The SANS Global Information Assurance Certification, or GIAC, program is nothing if not forward-looking. Driven by constant input from a cadre of loyal adherents and followers, the GIAC program stays pretty much at the forefront of information security topics, tools, and technologies. That’s why upon reading at GoCertify (“Latest Certification Updates“) about the organization’s new GIAC Mobile Device Security Analyst, to which the seemingly unrelated acronym GMOB applies (until I had a Homer Simpson moment — “Doh!” — and realized it meant “GIAC Mobile”), I decided to dig a bit further into its content and coverage.
The latest mobile security GIAC cert stresses mobile device penetration testing and mobile application security analysis.
A quick look at the GMOB home page makes it clear that the credential focuses on operational security, with an emphasis on hardening mobile devices, and making sure that communications between mobile devices and corporate systems is protected from snooping and eavesdropping through all technical means available. More specifically, here’s what this credential takes as its primary objectives:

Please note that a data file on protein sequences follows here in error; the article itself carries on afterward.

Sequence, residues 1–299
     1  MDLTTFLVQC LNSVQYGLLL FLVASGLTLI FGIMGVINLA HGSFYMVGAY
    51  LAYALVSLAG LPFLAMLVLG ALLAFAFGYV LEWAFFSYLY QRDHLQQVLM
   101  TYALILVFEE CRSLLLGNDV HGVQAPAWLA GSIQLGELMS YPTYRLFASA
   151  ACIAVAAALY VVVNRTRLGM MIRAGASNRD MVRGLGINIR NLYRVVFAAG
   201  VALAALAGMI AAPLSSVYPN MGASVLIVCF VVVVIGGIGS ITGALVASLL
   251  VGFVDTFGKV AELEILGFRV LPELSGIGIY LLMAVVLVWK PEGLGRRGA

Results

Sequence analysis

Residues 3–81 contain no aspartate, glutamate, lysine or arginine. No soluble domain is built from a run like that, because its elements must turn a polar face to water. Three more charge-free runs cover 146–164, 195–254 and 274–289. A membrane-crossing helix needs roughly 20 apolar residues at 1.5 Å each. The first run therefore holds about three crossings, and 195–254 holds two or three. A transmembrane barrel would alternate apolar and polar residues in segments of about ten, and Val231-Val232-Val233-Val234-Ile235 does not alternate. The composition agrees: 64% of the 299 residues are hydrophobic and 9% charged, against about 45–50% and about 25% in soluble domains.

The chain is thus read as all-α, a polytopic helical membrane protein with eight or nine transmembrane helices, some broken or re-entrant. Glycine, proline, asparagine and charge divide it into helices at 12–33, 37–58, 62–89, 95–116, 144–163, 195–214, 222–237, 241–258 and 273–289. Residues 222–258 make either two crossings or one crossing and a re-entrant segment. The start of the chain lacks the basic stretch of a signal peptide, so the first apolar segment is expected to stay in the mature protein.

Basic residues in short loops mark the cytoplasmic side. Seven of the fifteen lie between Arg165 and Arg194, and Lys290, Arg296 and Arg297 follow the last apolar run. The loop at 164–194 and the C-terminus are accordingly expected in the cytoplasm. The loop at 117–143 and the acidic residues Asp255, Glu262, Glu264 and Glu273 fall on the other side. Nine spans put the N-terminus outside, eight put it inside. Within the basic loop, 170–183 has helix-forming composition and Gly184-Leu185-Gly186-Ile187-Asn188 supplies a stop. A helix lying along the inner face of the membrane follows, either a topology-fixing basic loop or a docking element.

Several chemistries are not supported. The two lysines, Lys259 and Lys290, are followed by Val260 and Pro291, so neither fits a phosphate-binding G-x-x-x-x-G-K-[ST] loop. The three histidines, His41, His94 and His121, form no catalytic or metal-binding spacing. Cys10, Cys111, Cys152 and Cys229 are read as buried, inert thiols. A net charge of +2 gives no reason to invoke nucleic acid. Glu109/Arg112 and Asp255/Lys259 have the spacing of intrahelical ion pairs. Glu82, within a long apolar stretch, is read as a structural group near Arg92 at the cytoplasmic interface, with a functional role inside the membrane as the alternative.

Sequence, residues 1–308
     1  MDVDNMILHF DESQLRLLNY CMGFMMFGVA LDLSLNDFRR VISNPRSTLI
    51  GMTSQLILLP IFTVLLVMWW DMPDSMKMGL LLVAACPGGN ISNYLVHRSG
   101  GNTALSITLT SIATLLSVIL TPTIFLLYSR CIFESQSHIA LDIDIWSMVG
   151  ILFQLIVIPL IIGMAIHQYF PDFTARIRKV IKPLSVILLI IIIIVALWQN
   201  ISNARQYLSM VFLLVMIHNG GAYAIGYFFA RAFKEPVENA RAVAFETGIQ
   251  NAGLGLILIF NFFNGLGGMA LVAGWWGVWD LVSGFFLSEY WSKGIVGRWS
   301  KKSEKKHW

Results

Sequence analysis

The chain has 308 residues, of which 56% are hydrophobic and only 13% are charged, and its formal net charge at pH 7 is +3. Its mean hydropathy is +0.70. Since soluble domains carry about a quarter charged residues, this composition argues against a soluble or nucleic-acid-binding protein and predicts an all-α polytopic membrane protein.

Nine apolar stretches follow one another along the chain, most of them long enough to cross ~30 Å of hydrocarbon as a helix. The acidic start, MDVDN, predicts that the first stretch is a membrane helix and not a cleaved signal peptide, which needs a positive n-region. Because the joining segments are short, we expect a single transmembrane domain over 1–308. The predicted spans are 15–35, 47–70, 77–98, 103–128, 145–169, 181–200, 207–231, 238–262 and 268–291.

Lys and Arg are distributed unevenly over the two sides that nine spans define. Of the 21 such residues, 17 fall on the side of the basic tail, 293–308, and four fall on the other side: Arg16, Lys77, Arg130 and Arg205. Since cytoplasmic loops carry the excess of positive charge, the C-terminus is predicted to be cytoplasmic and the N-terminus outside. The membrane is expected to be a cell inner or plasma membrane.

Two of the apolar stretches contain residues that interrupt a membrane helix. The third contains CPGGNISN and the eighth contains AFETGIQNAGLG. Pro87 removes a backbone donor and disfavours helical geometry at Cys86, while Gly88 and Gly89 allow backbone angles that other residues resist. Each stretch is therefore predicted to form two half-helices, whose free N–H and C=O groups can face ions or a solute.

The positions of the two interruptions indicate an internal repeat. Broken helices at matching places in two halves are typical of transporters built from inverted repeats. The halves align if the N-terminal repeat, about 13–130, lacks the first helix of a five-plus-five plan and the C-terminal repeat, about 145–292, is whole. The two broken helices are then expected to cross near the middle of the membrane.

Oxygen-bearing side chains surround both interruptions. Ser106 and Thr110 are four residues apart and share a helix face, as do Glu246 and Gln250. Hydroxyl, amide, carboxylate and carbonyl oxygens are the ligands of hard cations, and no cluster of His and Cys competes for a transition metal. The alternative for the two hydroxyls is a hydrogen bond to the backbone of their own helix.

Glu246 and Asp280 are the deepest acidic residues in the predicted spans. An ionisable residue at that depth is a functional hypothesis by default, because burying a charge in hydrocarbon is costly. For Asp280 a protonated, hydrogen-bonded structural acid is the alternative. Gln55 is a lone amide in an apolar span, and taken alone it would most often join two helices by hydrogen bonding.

- General understanding of mobile device architectures, operating systems, and security features.
- Assessing mobile devices to find and mitigate security vulnerabilities and deficiencies.
- Ensuring technical knowledge necessary to conduct mobile device penetration testing.
- Understanding how to conduct a basic security analysis for mobile applications.
- Able to understand and apply security policies in a mobile device environment.
- Familiarity with common attack methods for mobile devices, such as jailbreaking, rooting, sidejacking, and web application attacks, and methods to remediate or mitigate them.
- Able to employ common protection techniques for mobile devices, such as encryption, VPN, configuration management, content filtering, and more.
As is its usual practice, SANS offers a training class to prepare candidates for the GMOB exam — namely, SEC575: Mobile Device Security and Ethical Hacking (6 days, long course, $4,645). Alternatively, candidates may simply challenge the exam without taking the class (2 hours, 75 questions, $579; cut score: 66% ). This credential must be renewed every 4 years to stay current, either by re-taking the exam, completing a continuing education requirement, or other means (see “Certification Maintenance Guidelines & Requirements” for more information).